Friday, April 30, 2010



The Translator’s Diary by Jon Pineda
(New Issues Poetry & Prose, Western Michigan University, Kalamazoo, MI., 2008)

Coming clean: I’m a prose writer, albeit one who loves poetry, and most especially narrative poetry. Nothing moves me as much, or approaches the intensity with which a great poem allows me to experience recognition, revelation, confirmation, discovery.

As I read the poems in Jon Pineda’s latest collection, The Translator’s Diary, I found myself deliberately slowing down, forcing myself to stop and do other things, wanting the images to sink in (More!), and waiting for a moment of calm when the words could more easily be savored.

Most of his landscapes are unfamiliar to me: “Snow layered itself/over the already dead,/those clumps of tomato/plants I’d neglected/from the summer/crumpled under drifts … ", or “an evening sun, itself held back by a shadow of spires/ on the hill, gently tapping along the Vltava … " But there was something about the voice that pulled me in, making me a participant, immersing me in a landscape saturated with feeling, a landscape “Between the train’s long slide and the sun/ ricocheting off the sea … ", whether feeling the loss of departure “Near the bent awning/ of the station …" or listening for “A name/ that is only its echo accelerating … "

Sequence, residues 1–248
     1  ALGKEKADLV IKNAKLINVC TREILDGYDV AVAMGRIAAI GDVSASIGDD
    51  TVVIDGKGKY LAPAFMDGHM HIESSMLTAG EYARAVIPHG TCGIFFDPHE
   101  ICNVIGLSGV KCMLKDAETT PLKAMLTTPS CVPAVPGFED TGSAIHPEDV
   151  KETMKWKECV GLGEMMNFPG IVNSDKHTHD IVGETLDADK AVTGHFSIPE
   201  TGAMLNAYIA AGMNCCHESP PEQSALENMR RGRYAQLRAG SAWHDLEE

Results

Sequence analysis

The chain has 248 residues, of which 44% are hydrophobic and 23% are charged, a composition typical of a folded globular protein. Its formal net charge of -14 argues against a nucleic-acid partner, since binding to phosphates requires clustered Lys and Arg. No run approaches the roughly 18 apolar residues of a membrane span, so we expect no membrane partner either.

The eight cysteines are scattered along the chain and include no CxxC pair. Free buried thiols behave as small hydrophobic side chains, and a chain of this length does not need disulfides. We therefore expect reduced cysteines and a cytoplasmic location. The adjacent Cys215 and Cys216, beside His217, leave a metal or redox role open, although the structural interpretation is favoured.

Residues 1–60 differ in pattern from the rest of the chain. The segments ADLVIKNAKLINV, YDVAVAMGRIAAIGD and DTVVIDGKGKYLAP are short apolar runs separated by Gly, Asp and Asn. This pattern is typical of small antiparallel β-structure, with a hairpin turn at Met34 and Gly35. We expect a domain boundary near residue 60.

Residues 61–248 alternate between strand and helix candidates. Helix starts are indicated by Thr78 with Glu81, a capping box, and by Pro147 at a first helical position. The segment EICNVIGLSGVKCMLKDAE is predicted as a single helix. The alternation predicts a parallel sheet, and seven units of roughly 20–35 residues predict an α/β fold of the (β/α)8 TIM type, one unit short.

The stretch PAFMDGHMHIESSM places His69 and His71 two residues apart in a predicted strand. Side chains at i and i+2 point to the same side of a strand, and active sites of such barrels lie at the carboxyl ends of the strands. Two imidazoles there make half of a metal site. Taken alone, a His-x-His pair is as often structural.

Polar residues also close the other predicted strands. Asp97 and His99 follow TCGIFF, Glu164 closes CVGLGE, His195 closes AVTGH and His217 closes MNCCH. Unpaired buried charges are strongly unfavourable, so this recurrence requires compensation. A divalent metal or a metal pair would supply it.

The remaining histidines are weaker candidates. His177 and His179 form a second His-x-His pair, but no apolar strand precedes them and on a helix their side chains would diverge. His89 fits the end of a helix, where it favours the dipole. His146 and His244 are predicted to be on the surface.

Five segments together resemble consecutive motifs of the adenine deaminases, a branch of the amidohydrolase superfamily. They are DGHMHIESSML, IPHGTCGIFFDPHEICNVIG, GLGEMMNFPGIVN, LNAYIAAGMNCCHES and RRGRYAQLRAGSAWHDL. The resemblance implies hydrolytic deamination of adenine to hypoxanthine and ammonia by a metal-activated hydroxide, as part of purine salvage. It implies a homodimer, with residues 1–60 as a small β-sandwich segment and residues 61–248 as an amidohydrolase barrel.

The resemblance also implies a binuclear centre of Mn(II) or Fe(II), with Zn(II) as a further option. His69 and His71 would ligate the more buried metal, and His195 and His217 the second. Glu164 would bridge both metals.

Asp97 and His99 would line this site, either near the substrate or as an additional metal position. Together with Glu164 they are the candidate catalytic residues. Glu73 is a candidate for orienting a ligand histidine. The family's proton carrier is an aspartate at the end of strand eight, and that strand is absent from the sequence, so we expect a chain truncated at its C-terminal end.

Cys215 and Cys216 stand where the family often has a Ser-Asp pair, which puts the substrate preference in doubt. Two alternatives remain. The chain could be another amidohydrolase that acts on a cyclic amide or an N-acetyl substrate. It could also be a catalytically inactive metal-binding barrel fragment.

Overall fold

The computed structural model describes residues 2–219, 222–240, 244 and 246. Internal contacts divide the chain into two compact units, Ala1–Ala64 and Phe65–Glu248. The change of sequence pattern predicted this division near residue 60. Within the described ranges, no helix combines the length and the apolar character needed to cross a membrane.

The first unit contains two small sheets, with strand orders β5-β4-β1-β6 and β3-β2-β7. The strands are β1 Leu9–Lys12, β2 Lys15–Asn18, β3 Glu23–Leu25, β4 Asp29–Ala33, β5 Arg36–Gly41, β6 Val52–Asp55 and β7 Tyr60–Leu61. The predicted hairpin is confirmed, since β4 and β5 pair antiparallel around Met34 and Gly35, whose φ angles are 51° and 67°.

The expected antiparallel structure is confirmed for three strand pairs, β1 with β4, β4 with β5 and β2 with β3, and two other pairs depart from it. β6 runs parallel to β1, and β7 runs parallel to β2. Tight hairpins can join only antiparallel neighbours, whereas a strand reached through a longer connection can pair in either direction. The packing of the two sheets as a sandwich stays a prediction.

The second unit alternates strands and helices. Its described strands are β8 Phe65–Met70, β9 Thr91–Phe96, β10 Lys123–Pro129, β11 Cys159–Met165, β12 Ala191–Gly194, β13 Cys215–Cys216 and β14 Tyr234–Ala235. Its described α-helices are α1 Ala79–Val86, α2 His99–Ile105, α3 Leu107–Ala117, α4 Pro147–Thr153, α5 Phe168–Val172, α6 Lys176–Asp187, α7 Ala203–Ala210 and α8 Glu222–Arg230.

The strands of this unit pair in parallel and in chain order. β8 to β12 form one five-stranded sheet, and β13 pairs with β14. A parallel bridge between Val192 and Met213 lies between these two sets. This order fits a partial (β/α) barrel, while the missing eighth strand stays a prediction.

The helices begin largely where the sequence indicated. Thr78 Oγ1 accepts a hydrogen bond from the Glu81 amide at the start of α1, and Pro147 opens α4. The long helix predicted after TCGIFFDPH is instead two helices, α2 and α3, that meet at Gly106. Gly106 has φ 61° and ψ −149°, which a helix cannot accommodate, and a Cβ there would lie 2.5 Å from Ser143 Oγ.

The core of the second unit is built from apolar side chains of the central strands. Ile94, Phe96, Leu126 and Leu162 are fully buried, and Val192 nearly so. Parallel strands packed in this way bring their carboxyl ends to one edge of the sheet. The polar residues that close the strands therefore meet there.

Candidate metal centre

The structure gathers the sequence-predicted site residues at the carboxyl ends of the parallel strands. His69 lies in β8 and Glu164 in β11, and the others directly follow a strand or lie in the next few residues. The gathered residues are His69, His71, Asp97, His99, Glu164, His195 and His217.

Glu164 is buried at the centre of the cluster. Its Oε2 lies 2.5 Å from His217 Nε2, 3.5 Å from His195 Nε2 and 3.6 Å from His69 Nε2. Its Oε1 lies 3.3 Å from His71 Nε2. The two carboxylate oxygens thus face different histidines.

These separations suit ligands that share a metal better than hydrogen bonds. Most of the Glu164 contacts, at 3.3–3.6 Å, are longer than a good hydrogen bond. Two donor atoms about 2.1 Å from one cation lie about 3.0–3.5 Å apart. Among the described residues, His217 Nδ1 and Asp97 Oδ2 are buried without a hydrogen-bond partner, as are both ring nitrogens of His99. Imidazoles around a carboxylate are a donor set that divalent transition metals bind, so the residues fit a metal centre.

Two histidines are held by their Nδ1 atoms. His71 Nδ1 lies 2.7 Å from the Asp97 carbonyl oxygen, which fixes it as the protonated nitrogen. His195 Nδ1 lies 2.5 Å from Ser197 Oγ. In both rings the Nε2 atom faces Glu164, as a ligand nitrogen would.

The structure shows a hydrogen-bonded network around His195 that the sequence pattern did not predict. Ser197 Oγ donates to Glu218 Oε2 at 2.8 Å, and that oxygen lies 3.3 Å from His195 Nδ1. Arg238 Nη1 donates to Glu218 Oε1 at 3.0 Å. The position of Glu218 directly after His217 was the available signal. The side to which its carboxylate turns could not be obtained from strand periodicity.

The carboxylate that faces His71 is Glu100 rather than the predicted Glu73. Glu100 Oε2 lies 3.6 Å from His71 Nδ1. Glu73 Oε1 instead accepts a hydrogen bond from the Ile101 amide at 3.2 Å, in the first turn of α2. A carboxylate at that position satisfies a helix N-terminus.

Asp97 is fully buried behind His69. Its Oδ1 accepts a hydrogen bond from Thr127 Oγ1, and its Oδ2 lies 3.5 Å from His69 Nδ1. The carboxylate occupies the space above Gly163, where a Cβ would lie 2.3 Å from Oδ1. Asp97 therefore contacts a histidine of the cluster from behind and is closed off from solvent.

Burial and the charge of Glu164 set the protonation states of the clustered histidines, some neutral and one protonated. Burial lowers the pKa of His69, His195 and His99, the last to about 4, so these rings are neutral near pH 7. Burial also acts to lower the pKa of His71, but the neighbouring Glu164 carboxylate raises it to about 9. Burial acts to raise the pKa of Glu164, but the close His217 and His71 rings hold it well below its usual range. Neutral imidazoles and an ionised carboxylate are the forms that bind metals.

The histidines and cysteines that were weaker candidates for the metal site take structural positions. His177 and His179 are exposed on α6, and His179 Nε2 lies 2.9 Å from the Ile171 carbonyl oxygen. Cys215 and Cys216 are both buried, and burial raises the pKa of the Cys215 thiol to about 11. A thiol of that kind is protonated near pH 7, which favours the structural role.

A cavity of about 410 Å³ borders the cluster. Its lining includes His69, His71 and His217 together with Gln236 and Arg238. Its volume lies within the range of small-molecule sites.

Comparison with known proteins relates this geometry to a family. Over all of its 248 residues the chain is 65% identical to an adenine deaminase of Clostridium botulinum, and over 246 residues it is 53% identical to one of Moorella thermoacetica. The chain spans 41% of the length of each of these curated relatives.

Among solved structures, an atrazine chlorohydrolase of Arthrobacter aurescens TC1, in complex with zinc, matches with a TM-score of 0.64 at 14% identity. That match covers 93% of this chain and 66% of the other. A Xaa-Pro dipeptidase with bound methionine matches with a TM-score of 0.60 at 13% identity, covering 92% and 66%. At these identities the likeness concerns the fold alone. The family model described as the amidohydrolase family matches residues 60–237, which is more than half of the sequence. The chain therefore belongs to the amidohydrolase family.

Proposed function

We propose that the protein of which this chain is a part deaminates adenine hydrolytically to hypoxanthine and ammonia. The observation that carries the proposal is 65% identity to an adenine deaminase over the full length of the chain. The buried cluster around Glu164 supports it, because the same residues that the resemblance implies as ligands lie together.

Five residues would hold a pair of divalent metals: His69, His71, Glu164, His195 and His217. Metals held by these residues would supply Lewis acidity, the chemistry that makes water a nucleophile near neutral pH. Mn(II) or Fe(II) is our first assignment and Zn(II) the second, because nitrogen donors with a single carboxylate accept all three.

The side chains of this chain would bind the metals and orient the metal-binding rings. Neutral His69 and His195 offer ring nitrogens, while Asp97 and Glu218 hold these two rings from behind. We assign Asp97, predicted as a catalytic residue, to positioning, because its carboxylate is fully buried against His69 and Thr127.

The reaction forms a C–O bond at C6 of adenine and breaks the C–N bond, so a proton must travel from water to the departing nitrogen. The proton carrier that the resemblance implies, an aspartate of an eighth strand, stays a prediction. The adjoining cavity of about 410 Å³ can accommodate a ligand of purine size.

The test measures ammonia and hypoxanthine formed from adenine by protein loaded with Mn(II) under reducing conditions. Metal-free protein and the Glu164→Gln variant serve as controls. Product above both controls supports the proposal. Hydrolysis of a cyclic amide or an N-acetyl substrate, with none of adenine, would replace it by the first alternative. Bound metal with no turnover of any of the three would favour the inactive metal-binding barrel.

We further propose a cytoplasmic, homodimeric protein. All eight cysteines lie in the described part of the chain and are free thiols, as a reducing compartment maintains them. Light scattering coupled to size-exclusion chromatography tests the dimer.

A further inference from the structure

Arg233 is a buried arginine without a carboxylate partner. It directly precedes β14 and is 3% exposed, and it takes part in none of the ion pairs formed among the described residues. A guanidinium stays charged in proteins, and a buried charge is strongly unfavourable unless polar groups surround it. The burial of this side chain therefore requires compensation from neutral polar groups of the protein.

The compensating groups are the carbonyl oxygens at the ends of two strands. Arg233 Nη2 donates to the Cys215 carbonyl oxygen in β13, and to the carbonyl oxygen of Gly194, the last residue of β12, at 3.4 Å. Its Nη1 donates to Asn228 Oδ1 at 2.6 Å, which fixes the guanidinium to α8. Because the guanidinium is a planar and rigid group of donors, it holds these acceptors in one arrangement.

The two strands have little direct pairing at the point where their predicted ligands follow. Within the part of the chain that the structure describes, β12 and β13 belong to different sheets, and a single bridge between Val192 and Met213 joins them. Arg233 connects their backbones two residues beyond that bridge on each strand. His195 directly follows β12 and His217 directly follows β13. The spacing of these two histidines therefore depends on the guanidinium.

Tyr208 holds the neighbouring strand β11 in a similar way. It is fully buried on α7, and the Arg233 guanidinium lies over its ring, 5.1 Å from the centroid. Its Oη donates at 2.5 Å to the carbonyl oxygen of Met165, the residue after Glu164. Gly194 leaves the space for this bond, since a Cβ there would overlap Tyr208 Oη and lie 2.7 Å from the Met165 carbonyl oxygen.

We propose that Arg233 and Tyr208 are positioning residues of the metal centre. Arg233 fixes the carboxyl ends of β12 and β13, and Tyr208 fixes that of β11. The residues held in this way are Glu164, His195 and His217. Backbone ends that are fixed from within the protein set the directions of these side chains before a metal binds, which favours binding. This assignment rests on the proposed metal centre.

Each poem transports the reader, whether to an “ocean . . . never quite glass” or to “cleared fields of cotton” where “A hawk above it all pauses/ on the invisible cog and spins.” The moments Pineda captures are delicate and fleeting: “ … a reflection on water, thin,/ delicate as your wrist dipping into the calm river … " There is so much transcendent beauty contained in these fleeting glimpses, these images of back roads, “the smell of sharp mud in the air,” of crows like “dark angels,” fields like a “dark pool.”

These poems are ravishing, incantatory, each one a small miracle. Savor them. But don’t be lulled into complacency: Beneath the surface delicacy of the words is a toughness like old bones, lies an art wielded with utter clarity and exactness.


Marianne Villanueva has published three collections of short fiction and co-edited the Filipino women's anthology, GOING HOME TO A LANDSCAPE. She writes regularly for the Women's Review of Books and maintains a blog, Kanlaon, at

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